The tourist, Ahmed al-Menhali, was detained at gunpoint last week in Avon, Ohio, after a suspicious hotel clerk alerted relatives, who called 911. Menhali, a 41-year-old businessman, was in the United States for medical treatment and tried to book a hotel in the Cleveland suburb. He was wearing a flowing white headscarf and a full-length white robe at the time. Police accosted and handcuffed him outside the hotel entrance while he was speaking on his phone in Arabic. He later told the broadcaster Al Jazeera that the clerk said he was "pledging my allegiance to ISIS," referring to the Islamic State.
A police video posted by a Cleveland TV channel showed an officer loading his rifle and running toward Menhali, while others shouted at him and held him down, according to Al Jazeera. He collapsed at one point, apparently feeling ill, and emergency workers took him to a hospital. He had previously suffered a stroke and was not armed.
Police and town officials later apologized for the incident, calling it "very regrettable." But such an incident is hardly surprising amid growing alarm in the wake of the recent mass terrorist attacks in Orlando and San Bernardino, Calif., in which the Muslim attackers pledged loyalty to the Islamic State.
The Ohio incident came to light one day after terrorists in Bangladesh assaulted a coffee shop and bakery in a cosmopolitan district of the capital, Dhaka, reportedly singling out and shooting Western patrons while sparing local Muslims. The gunmen, who were wearing jeans and were clean-shaven, reportedly told restaurant staff members that Western visitors were undermining Islam by wearing revealing clothes and drinking alcohol. The attack left about 30 people dead.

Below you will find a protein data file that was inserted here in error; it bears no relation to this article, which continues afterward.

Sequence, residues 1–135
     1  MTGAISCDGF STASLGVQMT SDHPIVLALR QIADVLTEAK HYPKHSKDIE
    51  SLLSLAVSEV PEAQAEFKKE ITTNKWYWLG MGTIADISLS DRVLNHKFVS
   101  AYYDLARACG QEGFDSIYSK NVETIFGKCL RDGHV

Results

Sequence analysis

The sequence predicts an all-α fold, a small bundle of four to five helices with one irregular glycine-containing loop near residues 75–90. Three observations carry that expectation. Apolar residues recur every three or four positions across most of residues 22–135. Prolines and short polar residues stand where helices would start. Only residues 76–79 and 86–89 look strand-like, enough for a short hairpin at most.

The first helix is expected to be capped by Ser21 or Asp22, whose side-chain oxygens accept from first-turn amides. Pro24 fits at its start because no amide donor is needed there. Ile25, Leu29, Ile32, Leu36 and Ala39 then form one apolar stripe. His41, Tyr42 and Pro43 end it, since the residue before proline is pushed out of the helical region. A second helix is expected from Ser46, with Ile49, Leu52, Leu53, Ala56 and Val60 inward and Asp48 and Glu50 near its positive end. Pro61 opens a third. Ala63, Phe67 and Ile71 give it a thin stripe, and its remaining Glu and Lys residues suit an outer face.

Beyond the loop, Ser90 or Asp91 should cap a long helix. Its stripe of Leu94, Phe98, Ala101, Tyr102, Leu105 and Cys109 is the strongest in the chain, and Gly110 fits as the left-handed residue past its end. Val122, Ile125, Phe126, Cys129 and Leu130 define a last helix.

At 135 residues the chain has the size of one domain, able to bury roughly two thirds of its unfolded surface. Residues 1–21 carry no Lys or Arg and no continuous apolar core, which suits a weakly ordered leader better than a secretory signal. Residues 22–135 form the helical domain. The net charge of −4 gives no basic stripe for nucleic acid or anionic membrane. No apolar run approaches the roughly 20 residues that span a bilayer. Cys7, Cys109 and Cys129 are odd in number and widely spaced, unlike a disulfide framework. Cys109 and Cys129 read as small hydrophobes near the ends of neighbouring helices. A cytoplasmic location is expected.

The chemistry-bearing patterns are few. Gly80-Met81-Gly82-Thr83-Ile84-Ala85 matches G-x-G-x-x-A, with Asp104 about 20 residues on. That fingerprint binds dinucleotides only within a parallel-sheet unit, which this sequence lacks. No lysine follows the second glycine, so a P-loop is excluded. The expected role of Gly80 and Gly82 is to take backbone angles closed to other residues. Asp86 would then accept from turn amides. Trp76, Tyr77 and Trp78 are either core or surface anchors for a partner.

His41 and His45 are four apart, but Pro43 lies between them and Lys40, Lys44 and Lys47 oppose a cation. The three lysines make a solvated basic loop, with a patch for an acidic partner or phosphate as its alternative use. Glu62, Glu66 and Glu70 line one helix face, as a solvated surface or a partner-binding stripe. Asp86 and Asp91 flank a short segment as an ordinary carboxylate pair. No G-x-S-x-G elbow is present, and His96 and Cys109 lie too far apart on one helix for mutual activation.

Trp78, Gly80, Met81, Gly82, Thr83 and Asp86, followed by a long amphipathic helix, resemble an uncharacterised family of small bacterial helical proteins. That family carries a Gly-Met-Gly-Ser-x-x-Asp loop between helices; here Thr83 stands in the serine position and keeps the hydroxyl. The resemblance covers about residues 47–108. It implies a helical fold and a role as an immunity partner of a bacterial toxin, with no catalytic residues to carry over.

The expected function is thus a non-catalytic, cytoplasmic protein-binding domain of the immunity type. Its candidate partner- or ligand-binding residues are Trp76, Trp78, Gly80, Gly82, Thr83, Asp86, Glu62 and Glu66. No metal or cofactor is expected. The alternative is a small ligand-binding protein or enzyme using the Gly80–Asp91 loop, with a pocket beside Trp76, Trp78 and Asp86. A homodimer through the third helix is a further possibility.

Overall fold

Westerners can sometimes face significant dangers in some Muslim countries, with their appearance making them easy targets for Islamist militants. In Tunisia, Afghanistan and Indonesia, Muslim militants have periodically sought out Western tourists and facilities for attack, aiming to drive out other Westerners and shore up their religious appeal. There have been no such incidents in the United Arab Emirates, a cosmopolitan country home to hundreds of thousands of Westerners.
Muslim activist groups in the United Sates expressed alarm at the Ohio incident, calling it another example of bigotry and heightened Islamophobia. Other observers pointed out that the attacks in Florida and California were carried out by Muslims who wore ordinary Western clothing, spoke English and were established in local immigrant communities. But many people posting on social media defended the police response in Ohio and blamed Islam and Muslims' religious beliefs for rising global chaos.
"I am very sympathetic to Muslims, but come on," one person commented on a news story about the incident. "I feel bad this gentleman became ill. However, because of actions of MUSLIMS. . . then yes everyone is gonna have to pay at least for a while."